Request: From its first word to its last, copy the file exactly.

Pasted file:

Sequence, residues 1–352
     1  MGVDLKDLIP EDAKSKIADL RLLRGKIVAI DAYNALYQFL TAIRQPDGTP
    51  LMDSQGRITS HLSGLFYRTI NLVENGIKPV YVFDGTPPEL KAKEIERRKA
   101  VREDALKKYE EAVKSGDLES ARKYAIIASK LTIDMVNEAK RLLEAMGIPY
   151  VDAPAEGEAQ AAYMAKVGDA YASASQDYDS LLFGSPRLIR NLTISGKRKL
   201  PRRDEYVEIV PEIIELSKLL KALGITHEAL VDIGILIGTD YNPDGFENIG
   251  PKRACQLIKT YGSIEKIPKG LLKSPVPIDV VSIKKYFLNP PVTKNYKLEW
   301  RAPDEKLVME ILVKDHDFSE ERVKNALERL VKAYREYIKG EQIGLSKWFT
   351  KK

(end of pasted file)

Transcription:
Sequence, residues 1–352
     1  MGVDLKDLIP EDAKSKIADL RLLRGKIVAI DAYNALYQFL TAIRQPDGTP
    51  LMDSQGRITS HLSGLFYRTI NLVENGIKPV YVFDGTPPEL KAKEIERRKA
   101  VREDALKKYE EAVKSGDLES ARKYAIIASK LTIDMVNEAK RLLEAMGIPY
   151  VDAPAEGEAQ AAYMAKVGDA YASASQDYDS LLFGSPRLIR NLTISGKRKL
   201  PRRDEYVEIV PEIIELSKLL KALGITHEAL VDIGILIGTD YNPDGFENIG
   251  PKRACQLIKT YGSIEKIPKG LLKSPVPIDV VSIKKYFLNP PVTKNYKLEW
   301  RAPDEKLVME ILVKDHDFSE ERVKNALERL VKAYREYIKG EQIGLSKWFT
   351  KK